Friday, February 8, 2008
The Land of Counterpane
8.5" x 11"
Sick days, when I could stay at home from school, were good days, for the most part, when I was growing up.
Oh sure, the sore throat, runny eyes, sneezing, and fever were not all that fun, but it sure was better than risking going to school and being fussed at or teased, and also bored and wishing that I was at home.
My mother read to me, or I had plenty of comic books, movie magazines, paper dolls, my baby dolls, cats, and my imagination to fill the day. I could look outside my windows to the south and west, from my Jenny Lind bed, through the sheer, ruffled curtains, blowing in a gentle breeze, at the sunny day outside. I could see the swing that Daddy built from railroad ties, and the shed that he built in the back yard to house the pickup truck that he built from wrecked cars, and Poochie, our dog, wandering around. Not to mention time to sleep, listen to the radio, with Mama and neigbors trying to tempt me to eat with special treats they fixed. I wasn't too interested in eating, even when I was well, though.
Toot would bring cold milkshakes, tinted with food coloring, made in her special metal shaker, from across the street. And Pappy would make homemade chicken noodle soup to bring me. I didn't like it too much. I thought it was watery and greasey. I preferred Mama's homemade "poor man's" soup, with just a soup bone, diced onion, can of tomatoes, diced potatoes, and water, or Jello, or even the glasses of tomato juice with crumbled up crackers, salt and pepper, in it.
Mama had read me "The Land of Counterpane" by Robert Louis Stevenson, and told me to imagine places on my covers to play, if I was tired of reading, and getting fussy. (Of course, there was no tv with stories to watch and entertain us back then. And, not a lot to entertain children during the day on the radio.)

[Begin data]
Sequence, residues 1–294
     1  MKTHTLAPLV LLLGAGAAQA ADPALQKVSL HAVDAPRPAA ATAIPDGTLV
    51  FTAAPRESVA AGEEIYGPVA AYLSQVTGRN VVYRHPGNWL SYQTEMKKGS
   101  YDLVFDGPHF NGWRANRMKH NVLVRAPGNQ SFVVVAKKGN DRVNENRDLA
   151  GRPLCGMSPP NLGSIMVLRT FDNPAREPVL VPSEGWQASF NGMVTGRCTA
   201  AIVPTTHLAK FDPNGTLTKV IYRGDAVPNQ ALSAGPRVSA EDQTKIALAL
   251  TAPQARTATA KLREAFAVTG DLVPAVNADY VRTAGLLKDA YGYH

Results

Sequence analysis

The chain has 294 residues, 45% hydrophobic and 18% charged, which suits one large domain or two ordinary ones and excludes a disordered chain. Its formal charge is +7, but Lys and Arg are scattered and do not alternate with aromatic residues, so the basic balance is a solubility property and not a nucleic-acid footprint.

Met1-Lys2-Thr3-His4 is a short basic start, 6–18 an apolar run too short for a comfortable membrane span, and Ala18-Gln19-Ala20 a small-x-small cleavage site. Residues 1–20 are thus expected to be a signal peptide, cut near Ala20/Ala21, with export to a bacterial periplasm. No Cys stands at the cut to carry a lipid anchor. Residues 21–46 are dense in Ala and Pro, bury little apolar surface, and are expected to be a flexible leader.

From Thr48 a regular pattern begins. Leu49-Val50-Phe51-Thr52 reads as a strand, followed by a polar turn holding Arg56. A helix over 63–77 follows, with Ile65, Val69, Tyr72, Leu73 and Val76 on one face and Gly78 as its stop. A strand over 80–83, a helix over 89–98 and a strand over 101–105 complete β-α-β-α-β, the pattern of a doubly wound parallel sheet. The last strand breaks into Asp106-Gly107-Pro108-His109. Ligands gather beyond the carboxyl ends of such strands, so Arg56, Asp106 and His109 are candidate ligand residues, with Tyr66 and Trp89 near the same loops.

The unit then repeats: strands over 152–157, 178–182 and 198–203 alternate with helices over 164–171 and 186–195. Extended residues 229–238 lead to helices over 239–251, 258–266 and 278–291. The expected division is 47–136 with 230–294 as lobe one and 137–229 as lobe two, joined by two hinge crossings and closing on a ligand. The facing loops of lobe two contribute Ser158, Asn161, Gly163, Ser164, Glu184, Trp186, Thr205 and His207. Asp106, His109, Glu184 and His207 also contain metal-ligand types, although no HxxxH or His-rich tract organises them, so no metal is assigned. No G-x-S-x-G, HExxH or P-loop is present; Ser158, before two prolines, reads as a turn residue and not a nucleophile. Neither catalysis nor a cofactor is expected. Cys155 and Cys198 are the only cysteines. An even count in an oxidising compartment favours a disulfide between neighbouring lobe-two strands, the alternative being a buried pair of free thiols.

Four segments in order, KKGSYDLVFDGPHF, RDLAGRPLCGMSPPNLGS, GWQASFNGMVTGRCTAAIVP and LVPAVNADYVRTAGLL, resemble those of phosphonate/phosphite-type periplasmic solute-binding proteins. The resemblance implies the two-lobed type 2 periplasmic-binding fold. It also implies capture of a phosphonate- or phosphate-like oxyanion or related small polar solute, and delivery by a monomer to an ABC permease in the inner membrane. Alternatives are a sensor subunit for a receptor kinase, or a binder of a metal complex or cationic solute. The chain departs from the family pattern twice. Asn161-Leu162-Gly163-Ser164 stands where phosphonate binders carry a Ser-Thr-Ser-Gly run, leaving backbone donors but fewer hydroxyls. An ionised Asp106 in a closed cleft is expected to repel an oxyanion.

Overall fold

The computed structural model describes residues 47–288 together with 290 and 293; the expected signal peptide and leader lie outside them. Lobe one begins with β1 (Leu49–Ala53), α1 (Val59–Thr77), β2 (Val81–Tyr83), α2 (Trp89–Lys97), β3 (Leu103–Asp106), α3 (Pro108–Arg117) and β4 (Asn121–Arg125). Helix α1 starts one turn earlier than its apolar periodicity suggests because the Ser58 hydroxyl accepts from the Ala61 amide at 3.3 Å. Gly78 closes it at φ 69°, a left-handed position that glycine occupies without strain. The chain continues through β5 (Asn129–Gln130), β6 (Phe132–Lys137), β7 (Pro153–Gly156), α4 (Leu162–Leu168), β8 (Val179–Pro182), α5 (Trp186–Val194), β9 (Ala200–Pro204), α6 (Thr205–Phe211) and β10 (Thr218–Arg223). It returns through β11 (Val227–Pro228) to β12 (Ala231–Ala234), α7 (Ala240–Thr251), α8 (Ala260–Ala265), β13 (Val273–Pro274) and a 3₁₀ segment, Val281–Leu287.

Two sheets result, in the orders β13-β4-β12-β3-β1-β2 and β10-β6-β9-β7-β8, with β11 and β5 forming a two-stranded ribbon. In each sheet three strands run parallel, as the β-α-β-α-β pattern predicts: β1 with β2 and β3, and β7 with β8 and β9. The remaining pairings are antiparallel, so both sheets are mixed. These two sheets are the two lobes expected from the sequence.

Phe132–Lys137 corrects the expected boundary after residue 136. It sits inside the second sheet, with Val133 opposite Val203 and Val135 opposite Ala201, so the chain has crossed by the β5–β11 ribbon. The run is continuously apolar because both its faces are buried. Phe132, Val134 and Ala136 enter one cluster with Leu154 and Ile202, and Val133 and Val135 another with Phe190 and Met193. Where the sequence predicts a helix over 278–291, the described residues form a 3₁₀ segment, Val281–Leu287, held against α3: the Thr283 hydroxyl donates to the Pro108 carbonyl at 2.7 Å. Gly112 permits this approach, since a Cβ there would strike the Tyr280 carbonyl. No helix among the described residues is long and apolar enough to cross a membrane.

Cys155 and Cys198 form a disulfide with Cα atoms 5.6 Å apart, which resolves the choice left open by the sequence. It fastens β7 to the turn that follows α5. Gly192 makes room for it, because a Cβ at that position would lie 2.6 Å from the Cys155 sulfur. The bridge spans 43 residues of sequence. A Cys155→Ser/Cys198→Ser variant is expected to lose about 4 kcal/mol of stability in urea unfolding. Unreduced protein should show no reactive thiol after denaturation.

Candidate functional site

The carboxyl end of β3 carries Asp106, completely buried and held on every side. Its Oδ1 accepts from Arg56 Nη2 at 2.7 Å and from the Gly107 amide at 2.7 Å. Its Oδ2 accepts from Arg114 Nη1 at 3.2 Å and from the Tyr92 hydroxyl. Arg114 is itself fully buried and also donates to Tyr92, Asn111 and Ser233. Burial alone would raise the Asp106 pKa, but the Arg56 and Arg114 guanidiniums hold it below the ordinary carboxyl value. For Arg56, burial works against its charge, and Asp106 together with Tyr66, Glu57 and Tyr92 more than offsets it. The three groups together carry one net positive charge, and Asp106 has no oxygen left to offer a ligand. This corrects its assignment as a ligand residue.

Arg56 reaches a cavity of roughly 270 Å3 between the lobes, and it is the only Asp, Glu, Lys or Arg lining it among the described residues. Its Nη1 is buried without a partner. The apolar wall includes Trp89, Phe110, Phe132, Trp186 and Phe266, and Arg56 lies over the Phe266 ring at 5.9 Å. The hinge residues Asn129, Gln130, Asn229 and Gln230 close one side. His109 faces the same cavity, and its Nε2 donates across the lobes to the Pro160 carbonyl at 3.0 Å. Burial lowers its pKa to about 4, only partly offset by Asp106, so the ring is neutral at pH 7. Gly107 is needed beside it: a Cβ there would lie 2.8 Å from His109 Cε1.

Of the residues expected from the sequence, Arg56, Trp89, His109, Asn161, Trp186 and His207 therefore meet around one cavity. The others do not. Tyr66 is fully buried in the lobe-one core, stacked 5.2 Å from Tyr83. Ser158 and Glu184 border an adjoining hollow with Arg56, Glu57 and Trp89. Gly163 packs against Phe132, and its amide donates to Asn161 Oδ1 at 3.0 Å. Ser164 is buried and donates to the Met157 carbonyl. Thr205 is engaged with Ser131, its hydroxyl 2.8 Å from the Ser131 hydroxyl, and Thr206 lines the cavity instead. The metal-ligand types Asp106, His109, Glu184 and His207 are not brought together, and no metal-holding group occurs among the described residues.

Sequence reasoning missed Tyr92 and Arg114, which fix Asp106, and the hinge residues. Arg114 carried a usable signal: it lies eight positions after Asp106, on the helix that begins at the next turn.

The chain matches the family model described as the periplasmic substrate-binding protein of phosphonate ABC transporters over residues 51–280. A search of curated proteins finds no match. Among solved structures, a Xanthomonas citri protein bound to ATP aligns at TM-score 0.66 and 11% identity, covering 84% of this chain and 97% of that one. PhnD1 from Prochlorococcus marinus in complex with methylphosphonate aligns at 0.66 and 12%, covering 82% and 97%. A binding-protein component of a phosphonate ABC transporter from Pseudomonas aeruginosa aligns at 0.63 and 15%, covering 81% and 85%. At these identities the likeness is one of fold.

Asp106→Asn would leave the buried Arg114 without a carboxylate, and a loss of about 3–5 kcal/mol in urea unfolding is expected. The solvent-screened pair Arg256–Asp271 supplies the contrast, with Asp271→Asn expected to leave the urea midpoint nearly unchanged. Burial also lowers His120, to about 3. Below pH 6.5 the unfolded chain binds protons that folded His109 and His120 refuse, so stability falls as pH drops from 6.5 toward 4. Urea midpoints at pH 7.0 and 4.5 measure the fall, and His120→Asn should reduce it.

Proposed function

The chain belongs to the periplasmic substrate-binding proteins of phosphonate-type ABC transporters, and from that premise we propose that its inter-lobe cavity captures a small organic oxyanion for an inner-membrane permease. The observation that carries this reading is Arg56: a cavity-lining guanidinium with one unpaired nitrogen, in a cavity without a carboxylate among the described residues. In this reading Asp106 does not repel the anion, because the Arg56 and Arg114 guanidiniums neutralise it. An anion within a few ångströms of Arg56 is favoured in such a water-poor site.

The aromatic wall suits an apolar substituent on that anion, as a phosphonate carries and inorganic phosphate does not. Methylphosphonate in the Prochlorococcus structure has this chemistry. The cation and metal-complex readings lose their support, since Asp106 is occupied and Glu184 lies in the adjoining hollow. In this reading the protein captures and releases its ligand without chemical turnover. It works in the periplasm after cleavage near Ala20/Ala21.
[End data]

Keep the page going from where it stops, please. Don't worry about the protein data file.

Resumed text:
Outside, at the edge of town, there were small hills, where the trains would come and go. We could see their lights in the dark of night. The hills seemed to be just beyond the trees outside, but, actually, it was a little further. The trains would rumble through downtown, along Railroad Street, and enter or exit, depending on whether they were going north or south, around a curve and out of town on the north side. That was a bit out of range of our new house.
But, when I was very small, we lived in great-grandpa's house on Railroad Street, I ran to the windows (as soon as I was able to walk) to see every train that passed. My uncle once told me that trains went by every 15 minutes, night and day, as he was very interested in trains too. They didn't come that often when I was older. And, now, they come, but not as often and you can't keep a schedule by them anymore, either.
As I lay in bed, with my Kleenex and things beside me, I could imagine my own little town on the covers. There were corn fields and cotton fields on the hills that were supported by my legs. There were pastures in the flat lands, with little tanks of water, and farm houses with barns. Beyond my feet, there was the Brazos River, with a boat floating down it. (Although that river is not a place for boats!) The train tracks ran over my knees, through the small downtown. Workers lived behind the stores, toward my ankles. My neighborhood, with the school and football field, lay between my legs. I added a couple of stores nearby, which I thought would be nice to have closer to the house and the school. A good place to stop in for a Coke or some ice cream or candy, or new comic books or movie magazines.
Someday, I would change the little town-maybe even turn it into a city with lots of things to do and places to go. But, I would have to think about that after a story or a nap.
I hope you enjoyed my memories of being sick when I was younger. Sometimes, I sure wish that my mama would bring me some of her homemade soup or tomato juice and crackers, or Toot would bring me a cold milk shake in a pretty color, or even that Pappy would bring me some of her homemade chicken noodle soup. They are long gone, and my own food, with their recipes, is just not the same. And, with the flu or some other ailments, it's impossible to cook anyway. Canned tomato soup or a Pop Tart, are all I can manage, at the most.
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Hope that you miss the flu and those ailments this year!